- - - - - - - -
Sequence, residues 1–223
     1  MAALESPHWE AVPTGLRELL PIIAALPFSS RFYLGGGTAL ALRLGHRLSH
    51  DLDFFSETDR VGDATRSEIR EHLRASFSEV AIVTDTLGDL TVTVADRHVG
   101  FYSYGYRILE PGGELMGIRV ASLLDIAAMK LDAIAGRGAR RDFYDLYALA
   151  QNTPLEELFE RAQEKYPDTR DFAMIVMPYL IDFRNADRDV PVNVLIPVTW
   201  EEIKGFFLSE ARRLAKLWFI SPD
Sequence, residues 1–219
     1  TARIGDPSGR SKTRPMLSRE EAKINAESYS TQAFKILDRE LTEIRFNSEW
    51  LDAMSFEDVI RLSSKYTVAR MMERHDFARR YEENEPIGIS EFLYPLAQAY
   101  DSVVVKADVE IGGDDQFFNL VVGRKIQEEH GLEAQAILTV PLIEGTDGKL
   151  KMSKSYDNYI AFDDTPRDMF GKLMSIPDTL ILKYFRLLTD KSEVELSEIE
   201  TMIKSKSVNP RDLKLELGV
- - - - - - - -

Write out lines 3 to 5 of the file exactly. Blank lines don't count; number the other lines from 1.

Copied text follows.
    51  DLDFFSETDR VGDATRSEIR EHLRASFSEV AIVTDTLGDL TVTVADRHVG
   101  FYSYGYRILE PGGELMGIRV ASLLDIAAMK LDAIAGRGAR RDFYDLYALA
   151  QNTPLEELFE RAQEKYPDTR DFAMIVMPYL IDFRNADRDV PVNVLIPVTW